For Coast Guard family stationed overseas, shutdown is doubly stressful

Julia LeDoux
January 09, 2019 - 4:18 pm

Photo supplied by Kasey Catalioto


Not all Coast Guard families are stationed in the CONUS, which just increases their anxiety over the very real possibility of not getting paid on Jan. 15.

Coast Guard spouse Kasey Catalioto, her husband Christopher, a 12-year Coast Guard enlistee and their children live in the Bahamas.

“Everyone’s solution for the shutdown seems to be `go to WIC, do a side job,’” she said. “What they do not realize that for those of us abroad, there are no resources.”

The federal government entered into a partial shutdown Dec. 22 as Congress and President Donald Trump remain at odds over Trump’s request from $5 billion in funding to build a wall along the country’s southern border. 

The Coast Guard is part of the Department of Homeland Security and is among the agencies that are not being funded during the partial shutdown. The Army, Navy and Air Force are being funded while the government is shuttered because they fall under the Department of Defense. 

Catalioto said there is no American base on the island where they live. That means no commissary and other staples of military life that can be found and easily accessed when living stateside.

RELATED: Food banks are opening near Coast Guard bases for families caught in the government shutdown.

“We do not even have a child care subsidy like what would have been provided in the US,” she said.

Catalioto has a part-time job working for the US government, but faces being furloughed when funding for the agency she works for runs out too.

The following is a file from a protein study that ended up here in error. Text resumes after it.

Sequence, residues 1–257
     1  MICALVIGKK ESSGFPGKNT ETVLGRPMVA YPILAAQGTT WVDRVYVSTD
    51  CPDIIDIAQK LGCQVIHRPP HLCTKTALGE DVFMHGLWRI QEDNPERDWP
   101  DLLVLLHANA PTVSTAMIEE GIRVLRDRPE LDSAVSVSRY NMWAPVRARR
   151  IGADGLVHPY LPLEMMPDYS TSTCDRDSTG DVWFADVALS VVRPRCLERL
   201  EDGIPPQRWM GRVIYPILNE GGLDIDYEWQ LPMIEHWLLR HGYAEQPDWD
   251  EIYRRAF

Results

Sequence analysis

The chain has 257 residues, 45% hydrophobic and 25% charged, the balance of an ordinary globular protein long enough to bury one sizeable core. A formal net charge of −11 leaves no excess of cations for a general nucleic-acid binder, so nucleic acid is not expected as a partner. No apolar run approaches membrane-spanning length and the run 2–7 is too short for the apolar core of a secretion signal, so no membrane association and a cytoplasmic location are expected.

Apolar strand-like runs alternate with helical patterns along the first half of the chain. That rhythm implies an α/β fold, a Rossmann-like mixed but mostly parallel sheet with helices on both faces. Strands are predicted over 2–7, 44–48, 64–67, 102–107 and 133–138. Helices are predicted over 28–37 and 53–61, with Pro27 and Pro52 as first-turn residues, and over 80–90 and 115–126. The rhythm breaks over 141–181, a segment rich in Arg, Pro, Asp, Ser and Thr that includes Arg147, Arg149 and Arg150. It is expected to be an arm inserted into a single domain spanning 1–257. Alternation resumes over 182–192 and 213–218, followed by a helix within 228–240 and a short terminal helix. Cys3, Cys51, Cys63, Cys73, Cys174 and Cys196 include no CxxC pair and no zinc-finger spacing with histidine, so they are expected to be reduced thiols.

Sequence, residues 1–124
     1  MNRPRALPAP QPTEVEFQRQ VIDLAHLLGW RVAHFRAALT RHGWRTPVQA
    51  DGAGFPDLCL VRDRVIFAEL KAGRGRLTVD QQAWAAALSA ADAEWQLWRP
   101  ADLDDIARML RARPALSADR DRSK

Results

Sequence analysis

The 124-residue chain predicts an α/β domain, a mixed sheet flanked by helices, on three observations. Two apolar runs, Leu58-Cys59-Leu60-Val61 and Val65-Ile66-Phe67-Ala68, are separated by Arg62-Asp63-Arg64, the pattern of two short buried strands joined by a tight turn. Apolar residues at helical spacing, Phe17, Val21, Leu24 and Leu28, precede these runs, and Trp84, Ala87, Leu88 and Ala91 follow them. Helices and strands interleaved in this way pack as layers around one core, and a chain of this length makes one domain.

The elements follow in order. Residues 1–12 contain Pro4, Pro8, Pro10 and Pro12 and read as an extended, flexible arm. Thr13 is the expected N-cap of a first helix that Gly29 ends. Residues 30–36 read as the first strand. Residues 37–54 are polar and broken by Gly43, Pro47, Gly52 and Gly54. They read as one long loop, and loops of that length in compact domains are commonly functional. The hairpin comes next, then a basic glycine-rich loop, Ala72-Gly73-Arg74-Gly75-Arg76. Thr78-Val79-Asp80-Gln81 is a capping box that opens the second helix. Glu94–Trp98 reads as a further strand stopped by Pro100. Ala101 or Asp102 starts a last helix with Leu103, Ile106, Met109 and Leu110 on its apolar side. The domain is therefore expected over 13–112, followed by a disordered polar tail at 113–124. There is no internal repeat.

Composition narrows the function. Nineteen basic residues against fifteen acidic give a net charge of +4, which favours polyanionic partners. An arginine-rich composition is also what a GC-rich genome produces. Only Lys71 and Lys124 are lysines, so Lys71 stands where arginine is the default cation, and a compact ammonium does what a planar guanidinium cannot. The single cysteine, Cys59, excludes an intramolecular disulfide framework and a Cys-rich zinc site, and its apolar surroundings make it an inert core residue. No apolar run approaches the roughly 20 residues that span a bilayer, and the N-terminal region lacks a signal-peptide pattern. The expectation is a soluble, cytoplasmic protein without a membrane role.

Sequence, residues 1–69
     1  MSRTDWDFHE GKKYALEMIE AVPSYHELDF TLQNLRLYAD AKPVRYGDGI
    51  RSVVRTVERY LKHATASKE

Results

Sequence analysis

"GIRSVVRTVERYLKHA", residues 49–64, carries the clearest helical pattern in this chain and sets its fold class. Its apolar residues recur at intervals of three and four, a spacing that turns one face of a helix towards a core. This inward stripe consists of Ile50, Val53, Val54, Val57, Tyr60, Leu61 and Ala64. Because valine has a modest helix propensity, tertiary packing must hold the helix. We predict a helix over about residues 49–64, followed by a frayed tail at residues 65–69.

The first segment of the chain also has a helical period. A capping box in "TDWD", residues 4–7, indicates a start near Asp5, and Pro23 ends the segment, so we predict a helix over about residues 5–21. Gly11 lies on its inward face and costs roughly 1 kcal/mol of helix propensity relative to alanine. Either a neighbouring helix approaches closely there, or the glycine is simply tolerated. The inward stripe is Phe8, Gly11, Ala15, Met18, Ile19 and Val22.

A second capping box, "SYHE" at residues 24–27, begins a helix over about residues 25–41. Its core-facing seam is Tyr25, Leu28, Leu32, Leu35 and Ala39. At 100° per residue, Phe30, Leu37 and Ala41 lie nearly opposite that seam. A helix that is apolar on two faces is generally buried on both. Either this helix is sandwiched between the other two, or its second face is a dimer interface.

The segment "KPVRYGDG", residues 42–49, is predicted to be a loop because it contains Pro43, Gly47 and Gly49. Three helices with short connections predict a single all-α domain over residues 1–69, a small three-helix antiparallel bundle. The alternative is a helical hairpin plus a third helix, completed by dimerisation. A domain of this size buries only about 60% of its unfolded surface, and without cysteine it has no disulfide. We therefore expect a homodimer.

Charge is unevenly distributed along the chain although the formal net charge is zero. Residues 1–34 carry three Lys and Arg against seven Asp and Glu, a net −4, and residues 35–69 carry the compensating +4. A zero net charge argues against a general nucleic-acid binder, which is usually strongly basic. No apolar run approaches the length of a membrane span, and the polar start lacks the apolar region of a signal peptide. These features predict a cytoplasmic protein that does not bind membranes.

“The very real reality is that this is a hardship post,” she said. “There are added costs associated with living here. It’s not a picture perfect postcard like everyone thinks.”

Milk can cost as much as $8 a gallon, Catalioto said. Other staples are just as expensive.

A bill to ensure that the Coast Guard would be paid has was introduced in the Senate, but no action has yet been taken on it. Senate Bill 21, known as the Pay Our Coast Guard Bill, was introduced Jan. 3 by Sen. John Thune (R-SD).  The bill would fund the Coast Guard’s active duty, retiree and civilian payroll despite the ongoing shutdown if passed by Congress. It remains uncertain if the 42,000 people on the Coast Guard’s payroll will receive their checks as scheduled on Jan. 15.

RELATED: Any bills to help fund the Coast Guard are threatened by the standoff


Photo supplied by Kasey Catalioto


“I do love my job and my husband loves his work,” Catalioto said. “We just want to be paid for it.”

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